1. Grypma, Sonya

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We are beginning to feel an increasing necessity for some definite moral force or laws that shall bind us more closely together in this work of nursing. - -Isabel Hampton Robb, 1900 (cited in Poslusny, 1989)

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As I write from my university near Vancouver I am surrounded by the excited voices of Canadians revelling in the 2010 Olympic gold won by Canada's hockey team. Within 15 minutes of the momentous win over the United States, our family received three amused e-mails from friends in the States and Europe-all nurses with whom I've worked on global projects. I had been reflecting on the power of international friendships in nursing; receiving the emails was an apt reminder of its relevance. There is an odd parallel between nursing and Olympic hockey: Canadian, American, Slovakian, and Russian competitors who faced off during the Olympics will reunite as teammates. Let me explain.


Professional nursing is historically international in nature. Florence Nightingale, whose nursing model from England was exported around the world, first apprenticed in Germany in 1851. Linda Richards, one of the earliest professionally trained nurses in the United States, established the first nurse training program in Japan in 1885 (Doona, 1996). Elizabeth McKechnie, an 1883 graduate of the Woman's Hospital of Philadelphia, became the first in a long line of missionary nurses to help establish nursing schools in China (Chen, 1996). Ethel Johns, a 1902 graduate of the Winnipeg General Hospital, was commissioned in 1925 by the Rockefeller Foundation in New York to help establish nursing schools in postwar Europe (Street, 1976). Nurses have been crossing national boundaries for a long time; our current global sensitivity has deep roots. So have our international friendships.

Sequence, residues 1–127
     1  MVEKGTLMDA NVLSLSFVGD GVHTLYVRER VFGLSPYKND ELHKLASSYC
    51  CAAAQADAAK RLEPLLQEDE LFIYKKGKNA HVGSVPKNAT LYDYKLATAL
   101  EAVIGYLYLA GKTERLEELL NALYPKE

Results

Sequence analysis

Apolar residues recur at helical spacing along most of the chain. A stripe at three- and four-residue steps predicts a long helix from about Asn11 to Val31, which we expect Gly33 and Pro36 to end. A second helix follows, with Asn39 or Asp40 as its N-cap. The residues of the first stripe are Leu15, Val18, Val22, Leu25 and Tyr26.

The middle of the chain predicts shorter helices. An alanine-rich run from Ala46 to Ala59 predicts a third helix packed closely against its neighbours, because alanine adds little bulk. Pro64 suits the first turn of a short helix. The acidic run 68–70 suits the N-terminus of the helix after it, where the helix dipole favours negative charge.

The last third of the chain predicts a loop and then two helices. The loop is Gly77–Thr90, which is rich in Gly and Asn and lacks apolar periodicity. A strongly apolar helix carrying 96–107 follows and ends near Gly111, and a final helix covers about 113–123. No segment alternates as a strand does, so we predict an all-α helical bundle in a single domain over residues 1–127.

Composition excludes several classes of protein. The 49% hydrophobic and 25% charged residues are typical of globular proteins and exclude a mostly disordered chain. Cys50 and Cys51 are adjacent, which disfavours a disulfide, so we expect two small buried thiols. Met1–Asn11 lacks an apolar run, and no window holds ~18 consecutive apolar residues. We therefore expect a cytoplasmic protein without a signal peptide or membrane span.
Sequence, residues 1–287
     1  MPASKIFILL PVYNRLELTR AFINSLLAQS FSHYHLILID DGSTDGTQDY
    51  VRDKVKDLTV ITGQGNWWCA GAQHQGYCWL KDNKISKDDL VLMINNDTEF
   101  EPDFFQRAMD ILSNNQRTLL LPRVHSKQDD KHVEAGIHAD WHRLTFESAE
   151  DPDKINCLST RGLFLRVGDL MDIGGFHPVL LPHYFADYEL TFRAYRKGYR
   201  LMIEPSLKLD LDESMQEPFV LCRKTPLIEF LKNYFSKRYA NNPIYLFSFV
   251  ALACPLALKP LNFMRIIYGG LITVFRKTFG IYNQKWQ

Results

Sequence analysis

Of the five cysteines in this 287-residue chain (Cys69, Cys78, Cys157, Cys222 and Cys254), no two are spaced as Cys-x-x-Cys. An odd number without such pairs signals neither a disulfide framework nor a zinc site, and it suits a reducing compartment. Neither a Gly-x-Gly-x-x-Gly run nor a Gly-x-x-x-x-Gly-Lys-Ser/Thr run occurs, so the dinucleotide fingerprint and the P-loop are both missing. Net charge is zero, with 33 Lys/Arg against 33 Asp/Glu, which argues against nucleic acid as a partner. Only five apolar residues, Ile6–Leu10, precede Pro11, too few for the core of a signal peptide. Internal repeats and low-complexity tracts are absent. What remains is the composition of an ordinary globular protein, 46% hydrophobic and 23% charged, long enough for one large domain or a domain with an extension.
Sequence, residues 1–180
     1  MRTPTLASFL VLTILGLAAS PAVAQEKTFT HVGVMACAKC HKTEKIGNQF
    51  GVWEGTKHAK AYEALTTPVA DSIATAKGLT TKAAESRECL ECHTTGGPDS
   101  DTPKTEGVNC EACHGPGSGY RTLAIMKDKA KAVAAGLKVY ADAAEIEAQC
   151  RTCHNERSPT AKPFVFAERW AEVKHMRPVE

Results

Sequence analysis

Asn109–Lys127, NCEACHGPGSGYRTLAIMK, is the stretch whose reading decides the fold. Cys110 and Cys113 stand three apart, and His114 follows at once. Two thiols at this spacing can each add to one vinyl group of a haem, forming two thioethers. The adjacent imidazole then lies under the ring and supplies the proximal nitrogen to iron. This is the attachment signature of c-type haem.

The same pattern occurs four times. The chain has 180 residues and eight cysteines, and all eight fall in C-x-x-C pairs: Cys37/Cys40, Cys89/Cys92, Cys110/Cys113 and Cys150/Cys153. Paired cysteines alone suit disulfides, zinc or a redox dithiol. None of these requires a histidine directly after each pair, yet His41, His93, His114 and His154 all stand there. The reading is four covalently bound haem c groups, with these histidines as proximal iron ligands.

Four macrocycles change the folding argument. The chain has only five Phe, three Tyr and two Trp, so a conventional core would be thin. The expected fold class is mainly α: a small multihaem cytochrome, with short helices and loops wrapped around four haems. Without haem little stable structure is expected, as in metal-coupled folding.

Consider the friendships of five nurses who either taught or studied at Columbia Teachers College University in New York. Isabel Hampton Robb, Lavinia Lloyd Dock, and Mary Adelaide Nutting are considered the "architects of professional nursing education and the founders of the major professional organizations in nursing" (Poslusny, 1989, p. 64). Robb headed the new Johns Hopkins School (JHS) in 1889 and was instrumental in establishing the program at Teachers College in 1899. Dock was one of the first public health nurses, and she and Nutting coauthored A History of Nursing (Nutting & Dock, 1907). Nutting succeeded Robb as Superintendent of JHS and helped found with her the American Journal of Nursing in 1900. Nutting also became the first nurse to be appointed to a university professorship at Teachers College.


The friendship between these three women created a political context for social change: In 1893 they founded the American Society of Superintendents of Training Schools of the United States and Canada, which became the American Nurses Association. They inspired others, including Isabel Maitland Stewart, 1908 graduate of and later professor at Teachers College, and Ethel Johns who, after attending Teachers College, became the first nurse appointed to a university professorship in Canada.


The impact of these five women on professional nursing is remarkable and well-documented. Less recognized is that four of these leaders crossed international borders: Robb and Stewart were born in Ontario and Nutting in Quebec. Johns was born in England and reared on an Ojibwa reserve in Ontario. Their friendship and mutual support inspired a vision of nursing with social justice at its core, and laid a foundation for modern nursing. Contemporary Christian nurses can learn from this.


Consider what the future of nursing would look like if Christian nurses perceived our shared faith as a "moral force" that can "bind us more closely together in this work of nursing." Drawing on existing international friendships-and deliberately developing new ones-can help us illuminate and address some of the critical issues in nursing today. We are, after all, on the same team.


Chen, K. (1996). Missionaries and the early development of nursing in China. Nursing History Review, 4, 129-49 [Context Link]


Doona, M. E. (1996). Linda Richards and nursing in Japan, 1885-1890. Nursing History Review, 4, 99-128. [Context Link]


Nutting, M. A., & Dock, L. L. (1907). A history of nursing. (New York: G. P. Putnam's Sons) [Context Link]


Poslusny, S. (1989). Feminist friendship: Isabel Hampton Robb, Lavinia Lloyd Dock and Mary Adelaide Nutting. Image: Journal of Nursing Scholarship, 21 (2), 64-68. [Context Link]


Street, M. (1976). Watchfires on the mountains: The life and writings of Ethel Johns. Toronto: University of Toronto Press. [Context Link]